Library advocates, employees, and AFSCME Council 31 members read letters written by concerned patrons out front of the mayor’s office Thursday morning. After a long battle in the recent months Mayor Rahm Emanuel ultimately shortened library hours and cut roughly 100 staff members. Council 31 claims that restoring $1 million in funding would allow the Chicago library system to once again function fully.
“Rather than recalling about 100 part-time pages Mayor Emanuel laid off in January, the city is now working other employees overtime—and paying them time-and-a-half—to do page work such as shelving books,” said Anders Lindall, the public affairs director for Council 31. “Since pages earned just $11 an hour, it stands to reason the city’s overtime scheme is significantly more costly, but the union’s repeated requests for relevant payroll data have gone unanswered. The public deserves to know whether the city is wasting money on overtime by its refusal to bring back part-time pages.”
In the initial budget battle the mayor tried to slash $10 million from its coffers and 363 employees. The mayor conceded ground following public outcry and pushback from more than two dozen aldermen. The group delivered nearly 600 letters to a mayoral aide where he said the mayor would “most likely read them.”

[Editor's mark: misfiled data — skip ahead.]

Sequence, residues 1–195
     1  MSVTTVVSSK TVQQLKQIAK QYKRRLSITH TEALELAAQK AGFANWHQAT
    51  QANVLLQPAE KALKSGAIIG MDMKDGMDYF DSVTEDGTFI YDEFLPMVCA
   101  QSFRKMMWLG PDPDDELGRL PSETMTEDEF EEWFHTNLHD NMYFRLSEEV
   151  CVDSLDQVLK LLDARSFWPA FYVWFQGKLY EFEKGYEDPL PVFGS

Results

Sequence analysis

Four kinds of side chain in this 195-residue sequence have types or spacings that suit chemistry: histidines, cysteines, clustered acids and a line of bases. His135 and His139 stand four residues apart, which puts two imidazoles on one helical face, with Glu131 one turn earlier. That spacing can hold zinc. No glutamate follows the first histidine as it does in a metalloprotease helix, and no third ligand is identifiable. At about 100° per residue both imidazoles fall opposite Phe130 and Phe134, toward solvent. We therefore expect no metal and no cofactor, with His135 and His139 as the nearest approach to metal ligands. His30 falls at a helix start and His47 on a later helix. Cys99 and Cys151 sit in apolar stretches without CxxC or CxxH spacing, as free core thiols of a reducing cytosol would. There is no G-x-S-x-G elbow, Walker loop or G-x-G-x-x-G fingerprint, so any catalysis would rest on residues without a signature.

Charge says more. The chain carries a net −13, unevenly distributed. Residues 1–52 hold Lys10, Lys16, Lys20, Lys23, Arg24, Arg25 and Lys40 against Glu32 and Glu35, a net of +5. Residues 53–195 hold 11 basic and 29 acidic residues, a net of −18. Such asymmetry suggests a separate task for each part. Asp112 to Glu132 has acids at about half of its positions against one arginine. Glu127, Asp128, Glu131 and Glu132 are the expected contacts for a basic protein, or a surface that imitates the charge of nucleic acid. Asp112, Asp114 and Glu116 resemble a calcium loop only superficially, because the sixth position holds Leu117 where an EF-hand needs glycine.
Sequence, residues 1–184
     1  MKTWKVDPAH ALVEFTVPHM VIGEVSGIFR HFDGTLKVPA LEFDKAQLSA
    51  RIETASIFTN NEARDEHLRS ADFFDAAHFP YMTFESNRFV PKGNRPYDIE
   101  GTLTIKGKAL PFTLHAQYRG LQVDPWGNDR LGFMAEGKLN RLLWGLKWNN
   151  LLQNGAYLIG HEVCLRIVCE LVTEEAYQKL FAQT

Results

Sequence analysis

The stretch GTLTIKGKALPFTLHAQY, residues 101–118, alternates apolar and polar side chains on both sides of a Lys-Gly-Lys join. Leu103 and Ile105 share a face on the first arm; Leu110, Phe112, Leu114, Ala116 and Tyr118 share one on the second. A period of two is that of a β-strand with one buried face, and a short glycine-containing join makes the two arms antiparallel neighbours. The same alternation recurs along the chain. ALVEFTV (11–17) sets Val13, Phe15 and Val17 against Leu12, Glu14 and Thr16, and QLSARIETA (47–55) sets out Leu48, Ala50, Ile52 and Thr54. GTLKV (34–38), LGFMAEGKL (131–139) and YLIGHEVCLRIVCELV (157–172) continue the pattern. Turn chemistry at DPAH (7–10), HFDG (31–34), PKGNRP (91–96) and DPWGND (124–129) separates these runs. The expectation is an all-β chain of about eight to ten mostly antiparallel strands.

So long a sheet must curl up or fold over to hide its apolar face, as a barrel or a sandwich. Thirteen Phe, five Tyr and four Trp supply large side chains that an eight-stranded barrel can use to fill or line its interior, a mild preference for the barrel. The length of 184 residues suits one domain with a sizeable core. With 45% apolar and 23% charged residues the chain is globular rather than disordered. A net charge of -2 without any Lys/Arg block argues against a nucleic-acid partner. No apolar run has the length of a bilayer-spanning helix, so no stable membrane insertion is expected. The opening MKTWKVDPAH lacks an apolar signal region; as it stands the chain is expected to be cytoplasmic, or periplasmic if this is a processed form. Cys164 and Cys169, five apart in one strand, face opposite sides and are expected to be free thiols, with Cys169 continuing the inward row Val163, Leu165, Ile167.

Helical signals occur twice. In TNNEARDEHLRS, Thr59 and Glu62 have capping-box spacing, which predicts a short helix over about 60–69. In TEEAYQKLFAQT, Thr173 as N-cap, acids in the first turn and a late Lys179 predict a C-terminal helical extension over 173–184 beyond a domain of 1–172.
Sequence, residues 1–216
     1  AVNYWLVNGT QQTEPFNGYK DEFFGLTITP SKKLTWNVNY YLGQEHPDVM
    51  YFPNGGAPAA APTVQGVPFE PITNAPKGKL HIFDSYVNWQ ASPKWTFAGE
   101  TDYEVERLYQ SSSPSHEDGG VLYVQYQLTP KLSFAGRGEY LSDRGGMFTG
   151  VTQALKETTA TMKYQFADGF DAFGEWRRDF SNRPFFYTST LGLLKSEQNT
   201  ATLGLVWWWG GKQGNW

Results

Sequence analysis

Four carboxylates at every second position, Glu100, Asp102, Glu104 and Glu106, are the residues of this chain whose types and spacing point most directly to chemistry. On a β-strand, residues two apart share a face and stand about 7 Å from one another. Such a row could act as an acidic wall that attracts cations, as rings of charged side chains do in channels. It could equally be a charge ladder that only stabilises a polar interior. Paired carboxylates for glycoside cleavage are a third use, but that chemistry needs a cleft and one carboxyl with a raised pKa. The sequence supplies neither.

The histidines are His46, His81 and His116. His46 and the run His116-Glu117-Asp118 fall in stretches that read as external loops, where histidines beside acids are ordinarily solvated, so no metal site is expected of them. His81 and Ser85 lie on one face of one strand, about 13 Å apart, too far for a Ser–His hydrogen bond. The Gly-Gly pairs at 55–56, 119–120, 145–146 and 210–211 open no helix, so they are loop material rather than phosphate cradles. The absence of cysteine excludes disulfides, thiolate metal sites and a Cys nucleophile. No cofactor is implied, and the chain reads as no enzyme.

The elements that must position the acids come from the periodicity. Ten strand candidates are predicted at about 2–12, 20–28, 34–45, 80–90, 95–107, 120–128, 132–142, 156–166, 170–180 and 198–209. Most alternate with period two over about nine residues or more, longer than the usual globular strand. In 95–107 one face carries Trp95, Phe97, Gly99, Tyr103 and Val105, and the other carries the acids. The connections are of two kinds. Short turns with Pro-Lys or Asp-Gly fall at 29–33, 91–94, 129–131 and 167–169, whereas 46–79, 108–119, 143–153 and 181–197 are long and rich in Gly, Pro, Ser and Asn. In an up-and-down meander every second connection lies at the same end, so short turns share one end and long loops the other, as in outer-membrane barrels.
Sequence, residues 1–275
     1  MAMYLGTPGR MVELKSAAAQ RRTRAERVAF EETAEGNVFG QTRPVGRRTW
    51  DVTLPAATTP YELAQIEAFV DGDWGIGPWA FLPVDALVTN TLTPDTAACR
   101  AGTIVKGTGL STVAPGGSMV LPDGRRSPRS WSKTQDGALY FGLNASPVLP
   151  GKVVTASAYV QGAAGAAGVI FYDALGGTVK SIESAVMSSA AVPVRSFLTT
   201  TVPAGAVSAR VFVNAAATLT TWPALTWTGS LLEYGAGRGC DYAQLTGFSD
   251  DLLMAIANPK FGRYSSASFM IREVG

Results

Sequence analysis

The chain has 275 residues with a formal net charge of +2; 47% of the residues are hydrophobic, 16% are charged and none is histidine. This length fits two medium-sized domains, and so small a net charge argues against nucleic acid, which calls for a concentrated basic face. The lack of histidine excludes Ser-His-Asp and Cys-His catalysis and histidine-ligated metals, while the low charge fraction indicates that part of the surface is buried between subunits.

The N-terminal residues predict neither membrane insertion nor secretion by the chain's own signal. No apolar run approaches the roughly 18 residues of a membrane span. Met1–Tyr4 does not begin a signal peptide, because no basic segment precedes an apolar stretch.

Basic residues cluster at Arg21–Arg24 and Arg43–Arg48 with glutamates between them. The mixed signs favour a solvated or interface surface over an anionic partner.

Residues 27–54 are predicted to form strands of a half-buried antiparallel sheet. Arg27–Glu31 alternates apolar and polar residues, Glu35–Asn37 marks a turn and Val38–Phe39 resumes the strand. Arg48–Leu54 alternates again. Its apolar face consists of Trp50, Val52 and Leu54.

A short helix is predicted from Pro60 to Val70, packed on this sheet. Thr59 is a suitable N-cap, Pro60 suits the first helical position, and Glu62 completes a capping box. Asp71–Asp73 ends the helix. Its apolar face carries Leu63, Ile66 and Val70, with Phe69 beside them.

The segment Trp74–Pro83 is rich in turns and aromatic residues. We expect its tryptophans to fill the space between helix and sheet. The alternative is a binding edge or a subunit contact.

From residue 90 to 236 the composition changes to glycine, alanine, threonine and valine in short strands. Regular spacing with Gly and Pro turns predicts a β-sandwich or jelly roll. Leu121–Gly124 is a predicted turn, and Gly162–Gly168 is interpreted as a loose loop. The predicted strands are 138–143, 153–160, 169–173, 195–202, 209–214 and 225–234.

Listen to the reading of more letters.
Occupy Chicago also participated in the event and released the following statement:
We also hold firm that libraries, like all other public services, must be operated, staffed and maintained by Unionized public employees to keep true ownership of the system by the public and accountability of it to the public as well as to keep our government out of the business of pauperizing the working class.
During budget crisis governments, especially city and state, tend to cut funds and layoff employees in an effort to reign in the debt load. Unfortunately, the blame often falls on the feet of the working people in the public sector. Chicago’s most recent budget epitomized this thinking by slashing funding to the library, mental health clinics, and more vital services.
“Over the last few years the library has served more than 11 million people per year,” says Carl Sorrell, president of AFSCME Local 1215. “11 million people and 80 locations. We serve these people everyday. When our doors open 10, 20 people stand outside each branch door. When doors close we have to usher people out cause they need these services. They don’t have access to the internet. They don’t have computers at home. They don’t have resources to learn how to do resumes or look for jobs. This is what we do.”
On their website AFSCME noted:
Mayor Emanuel recently approved $3.7 million in TIF funds for a corporation that tests pharmaceuticals on animal subjects. The mayor said the money would help keep 26 jobs in Chicago.
The workers are asking for less than a third of the amount to save four times as many jobs; a more cost effective maneuver.
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